How to Keep your Grip in a Slippery World


Sometimes the smallest things inspire wonder.

I admit, I’m easily entertained, but last Saturday’s encounter with a ladybird beetle captured my attention and left me wondering about the ability of this little beetle to hang on. This little ladybug hiked a distance of 6 inches—crossing a bridge of pink mountain dogbane to a downed ponderosa. It didn’t slip. Or lose its grip.  How’d it do that?

Ladybird beetle on Stachytarpheta indica at Ta...

Ladybird beetle defies gravity (Photo credit: Wikipedia)


Ladybird beetle cruising across a log.

Ladybird beetle cruising across a log.

I did some research and found that ladybird beetles have some special “kicks”—and tricks.

A Science Daily story titled “Beetles in Rubber Boots” describes a scientific study that found each leg of this remarkable ladybird beetle is equipped with fine adhesive hairs of sorts. Take a look: click the link and be amazed–

These microscopic hairs differ in composition –at the base they are stiff, with the tips being flexible. Researchers believe this variation provides the beetle with the ability to hold tight despite the terrain.

We, too, have an anti-slip mechanism in a slippery world. World famous Bible expert Matthew Henry calls this “mechanism” God (from Jude 24):

God is able, and as willing as able, to keep us from falling, and to present us faultless before the presence of his glory.”

And for that, I am thankful. I cling to Him who holds me tight.

When Flowers Say Amen


The Amen of Nature is always a flower.” Oliver Wendell Holmes

And one of my favorite flowers is the Skyrocket, Ipomopsis aggregata, blooming just in time for Fourth of July.


Nature’s Fireworks: The Skyrocket





Skyrockets at Sunset

Nature's Fireworks

Skyrocket, Ipomopsis aggregata

“The earth is the LORD’S and everything in it, the world and all who live in it.” Psalm 24:11

Remember to spend time in the presence of the Creator today and celebrate the wonders of his creation.


How a Face-Chucking Fish Taught Me to Crave the Word


Sometimes scientific research makes me smile. Recently I read about the fish nicknamed “Face-chucker.”

Seems this fish has an ability to throw its jaw and is highly successful when it comes to feeding.

The ability of the sling-jawed wrasse (Eibulus insidiatior) to propel its jaw to the moon and back (actually 65 % of its head length) has earned his name.

Watch this 35 second video–you will be amazed! (it even has cool music) elastic fish jaw

The Sling jawed wrass relies on suction to feed, one of the three predominant mechanisms of prey capture:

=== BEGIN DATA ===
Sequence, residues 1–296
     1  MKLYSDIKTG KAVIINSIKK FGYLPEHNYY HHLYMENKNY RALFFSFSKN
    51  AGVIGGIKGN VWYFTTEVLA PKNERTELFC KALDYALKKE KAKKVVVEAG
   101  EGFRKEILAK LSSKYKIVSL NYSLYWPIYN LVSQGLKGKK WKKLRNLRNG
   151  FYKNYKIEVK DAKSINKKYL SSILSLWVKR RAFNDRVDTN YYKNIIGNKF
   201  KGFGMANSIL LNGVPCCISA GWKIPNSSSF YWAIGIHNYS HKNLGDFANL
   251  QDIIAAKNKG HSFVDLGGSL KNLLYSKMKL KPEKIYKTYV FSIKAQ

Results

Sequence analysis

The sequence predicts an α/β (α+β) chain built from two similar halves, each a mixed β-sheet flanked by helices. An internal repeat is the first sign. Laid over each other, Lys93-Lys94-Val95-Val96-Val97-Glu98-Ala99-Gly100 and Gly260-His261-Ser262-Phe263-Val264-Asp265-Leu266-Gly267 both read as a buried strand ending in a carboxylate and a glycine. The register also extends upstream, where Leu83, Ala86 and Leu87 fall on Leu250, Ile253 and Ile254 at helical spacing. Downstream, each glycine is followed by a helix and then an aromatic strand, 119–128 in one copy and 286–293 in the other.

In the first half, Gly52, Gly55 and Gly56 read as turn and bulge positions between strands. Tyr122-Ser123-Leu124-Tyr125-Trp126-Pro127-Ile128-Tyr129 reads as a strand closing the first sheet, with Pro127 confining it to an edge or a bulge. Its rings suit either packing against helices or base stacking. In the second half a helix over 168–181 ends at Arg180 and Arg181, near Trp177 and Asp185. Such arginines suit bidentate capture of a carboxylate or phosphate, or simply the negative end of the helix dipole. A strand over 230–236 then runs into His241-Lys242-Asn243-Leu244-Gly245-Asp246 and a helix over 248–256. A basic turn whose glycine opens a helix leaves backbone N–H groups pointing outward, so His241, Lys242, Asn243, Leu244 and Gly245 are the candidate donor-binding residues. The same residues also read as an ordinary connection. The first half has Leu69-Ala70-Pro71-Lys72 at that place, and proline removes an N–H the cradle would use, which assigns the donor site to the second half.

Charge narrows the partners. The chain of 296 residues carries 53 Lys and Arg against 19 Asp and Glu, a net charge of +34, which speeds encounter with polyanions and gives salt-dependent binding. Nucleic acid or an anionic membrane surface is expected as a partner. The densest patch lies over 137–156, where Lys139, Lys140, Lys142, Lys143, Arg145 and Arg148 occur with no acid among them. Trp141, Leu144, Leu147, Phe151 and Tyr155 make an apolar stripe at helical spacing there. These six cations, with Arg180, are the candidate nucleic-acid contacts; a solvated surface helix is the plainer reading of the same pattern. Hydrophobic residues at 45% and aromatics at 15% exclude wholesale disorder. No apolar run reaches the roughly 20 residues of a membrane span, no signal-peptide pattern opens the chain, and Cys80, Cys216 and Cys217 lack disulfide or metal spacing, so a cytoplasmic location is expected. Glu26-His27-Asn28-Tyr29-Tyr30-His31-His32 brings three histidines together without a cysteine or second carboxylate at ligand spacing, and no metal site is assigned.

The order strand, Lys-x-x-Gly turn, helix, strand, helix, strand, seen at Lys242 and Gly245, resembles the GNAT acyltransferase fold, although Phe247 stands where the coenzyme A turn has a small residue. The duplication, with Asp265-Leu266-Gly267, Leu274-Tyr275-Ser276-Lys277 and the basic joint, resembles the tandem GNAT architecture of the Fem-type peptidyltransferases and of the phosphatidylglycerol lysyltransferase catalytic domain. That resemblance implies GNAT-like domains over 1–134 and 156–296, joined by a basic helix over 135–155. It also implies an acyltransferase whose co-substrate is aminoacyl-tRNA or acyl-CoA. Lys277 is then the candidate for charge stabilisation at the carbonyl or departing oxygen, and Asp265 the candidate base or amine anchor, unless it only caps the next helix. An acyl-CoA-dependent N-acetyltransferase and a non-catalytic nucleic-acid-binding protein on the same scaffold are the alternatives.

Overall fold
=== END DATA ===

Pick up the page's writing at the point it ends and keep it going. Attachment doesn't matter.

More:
• Suction
  • Ram (forward motion)
  • Manipulation (your basic catch and bite—think shark)

Using the one two punch of suction and ram, the sling jawed wrasse unfolds his extensible vacuum tube jaw much like a set of pull down attic stairs, turns on the suction and catches dinner.

Who knew?

Suction is noted to be the most common method of prey capture, but with some 28,000 species of fish, feeding mechanisms vary. Seems  all fish are not created equal when it comes to the ability to feed…

And neither are we. Especially when It comes to feeding on the word.

Some days I devour the word, pursue it with vigor.  I chase it down. Wrestle it and  chomp it, like a shark. I manipulate it–in a good sense.  Mull it over, chew it. Digest.

Other days, I open my mouth and simply inhale, hoping my lungs are strong enough, using suction to draw goodness in.

But it’s those “ram” days (more like cram days) that are the least efficient in terms of reading the word. Those are the days I quickly peruse the word, hurrying over it in an effort to catch a morsel en route to my next activity.

When it comes to God’s word, there are no short cuts.

The days I cut my feeding short are the days I suffer—as do those around me. I am short tempered, impatient. Doubt and discouragement encircle me.

I know better. And I have the tools. I have the time.

It’s just that some days I lack the hunger.

Oh, that I would hunger after the Word as that sling jawed wrasse pursues its prey—with a determined accuracy and tenacity. An appetite like that could change the world.

When your words came, I ate them; they were my joy and my heart’s delight, for I bear your name, LORD God Almighty.” Jeremiah 15:6

Imperial Geyser


Sometimes I find a wonder so wild, so untouched by human hands I’m left in complete awe of the Creator God.

Enter Imperial Geyser–tucked away on a hidden slope in Yellowstone National Park.

Imperial Geyser, Yellowstone National Park (watch video)


In the mist of its steaming turquoise blue waters, under its delightful spinning plume of water, I meditated on Psalm 89:11:

The heavens are yours, and yours also the earth; you founded the world and all that is in it.”

And I, for one, am thankful.

What wonder of God has stopped you in your tracks?

Spring Azures and Schedules


Each year I anticipate the arrival of the blues. Spring Azure blues, that is. As in butterflies. Those little-bit beauties assure me spring has arrived and warmer days are on the way.

Packaged in just over an inch of fluttering wonder, the Spring Azure adult stage of life is brief. Many survive only a few days days before laying eggs that will give rise to the next generation.

English: Spring Azure (Celastrina ladon) taken...

Spring Azure, Celastrina sp. (Photo credit: Wikipedia)


Yesterday, the Spring Azures visited my garden.

Spring Azure in my garden.

Spring Azure in my garden.

And to think I almost missed it.

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God, Nature and Nitrous Oxide


The calendar reminded me of what I longed to forget: Root canal, 2:00 pm. I was worried sick. Dental appointments are not my strong suit.